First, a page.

Welcome. It’s been a rainy week in New York City, a stay-inside, low-sun week and, in the absence of anywhere pressing to physically be, a week in which it’s been easy to default to staying indoors. While we’re safest and coziest at home these days, static scenery can really make a week drag. If the skies are clear where you are this weekend, make a point to be out under them.
Relish walking the dog or strolling without any particular destination. Volunteer to run to the store for flour, to drop a package off at the post office. Go for the outdoor run you could easily take to the treadmill. While I’d hardly suggest the era of sweatpants and comfort cooking is over, making an effort to be in fresh air while we can is still essential to keeping our days from assuming a rolling monotony. If you’re not able to go outdoors, try a different room, a new activity or recipe, something that shakes things up, that demarcates weekend from week.
Here are some good ideas from At Home readers for getting outside your home or routine this weekend.
“Although we spend a lot of time reading and watching TV, I am trying to get my 93-year-old mom to come into the very sunny living room and do needlepoint. Bach on the boom box. It is so peaceful and productive. We have a HUGE stash of canvases (whoever dies with the biggest stash wins) and fibres (never call it thread). Ding this gives me a chance to talk with her about stuff: Who in her family came over to Thanksgiving when she was growing up? What about for Christmas?” —Patricia Yeomans Salvador, 64, Cleveland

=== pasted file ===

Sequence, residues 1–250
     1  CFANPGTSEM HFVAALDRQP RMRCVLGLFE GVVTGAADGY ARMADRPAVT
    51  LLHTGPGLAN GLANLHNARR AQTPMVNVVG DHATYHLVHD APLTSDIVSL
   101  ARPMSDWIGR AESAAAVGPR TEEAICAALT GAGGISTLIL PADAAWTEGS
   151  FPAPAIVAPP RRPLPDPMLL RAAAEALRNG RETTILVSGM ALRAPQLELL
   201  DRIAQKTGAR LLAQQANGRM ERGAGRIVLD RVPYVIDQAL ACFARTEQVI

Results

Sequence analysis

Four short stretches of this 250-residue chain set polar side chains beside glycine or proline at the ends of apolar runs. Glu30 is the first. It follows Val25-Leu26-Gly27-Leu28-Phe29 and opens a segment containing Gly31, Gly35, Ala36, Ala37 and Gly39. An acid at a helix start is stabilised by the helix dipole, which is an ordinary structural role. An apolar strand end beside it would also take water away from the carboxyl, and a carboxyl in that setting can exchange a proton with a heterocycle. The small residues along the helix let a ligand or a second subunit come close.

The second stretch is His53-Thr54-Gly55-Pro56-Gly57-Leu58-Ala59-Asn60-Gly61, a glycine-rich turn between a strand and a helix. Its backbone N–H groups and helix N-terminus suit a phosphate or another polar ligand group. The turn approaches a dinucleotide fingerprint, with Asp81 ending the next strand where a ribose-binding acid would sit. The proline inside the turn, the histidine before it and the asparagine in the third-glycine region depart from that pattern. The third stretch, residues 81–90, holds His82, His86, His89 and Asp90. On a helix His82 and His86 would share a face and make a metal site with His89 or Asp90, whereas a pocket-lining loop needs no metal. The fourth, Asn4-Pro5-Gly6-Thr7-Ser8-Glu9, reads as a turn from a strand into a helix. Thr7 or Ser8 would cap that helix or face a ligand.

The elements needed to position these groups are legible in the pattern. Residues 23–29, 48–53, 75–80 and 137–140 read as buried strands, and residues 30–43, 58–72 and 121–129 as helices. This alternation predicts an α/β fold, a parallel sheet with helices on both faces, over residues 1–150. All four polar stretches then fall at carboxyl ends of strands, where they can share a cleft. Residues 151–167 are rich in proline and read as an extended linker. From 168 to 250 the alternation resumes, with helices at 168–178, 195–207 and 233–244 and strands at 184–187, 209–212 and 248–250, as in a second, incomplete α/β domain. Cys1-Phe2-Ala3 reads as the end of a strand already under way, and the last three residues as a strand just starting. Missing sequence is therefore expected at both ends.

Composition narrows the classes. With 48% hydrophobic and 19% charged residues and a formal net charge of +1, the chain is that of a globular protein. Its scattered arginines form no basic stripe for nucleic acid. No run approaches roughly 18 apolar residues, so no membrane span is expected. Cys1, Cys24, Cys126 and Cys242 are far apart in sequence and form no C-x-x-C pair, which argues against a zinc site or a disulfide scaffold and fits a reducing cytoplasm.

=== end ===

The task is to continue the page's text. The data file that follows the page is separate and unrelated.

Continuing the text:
“Every Friday, I get an email from the Frick Collection titled ‘Cocktails with a Curator.’ A recipe for a ‘curated’ cocktail to complement the topic of the program is given. The 15- to 30-minute program about a specific object or painting is available on the Frick YouTube channel. Sip your cocktail while you enjoy the presentation.” —Patricia L Demirjian, Dayton, Ohio
“My neighbor and I are conducting an exhaustive study of the gingersnap cookie. We alternate weeks and leave each other samples of our latest recipe. At first the goal was to replicate her husband’s favorite gingersnap recipe that his mother made but we have since branched out to investigate very thin and crispy as well as soft and chewy. The possibilities are endless.” —Kate Gruen, 66, Mill Valley, Calif.
“I normally get up a couple hours earlier than my spouse and spend that time reading the news. Lately, I’ve found that practice disheartening, so instead of reading the news, I listen to one of the 35 performances of the band Throbbing Gristle. Between 1976 and 1981, they recorded all of their performances and released some them on cassette in a 24-cassette box set titled the ’24 Hours of Throbbing Gristle.’ A few years ago, all these recordings were released on CD. I find the barely controlled chaos of these recordings to be a calming force while watching the sunrise and enjoying my coffee. I find this perfectly prepares me for the day. —Paul Prescott, 52, Belize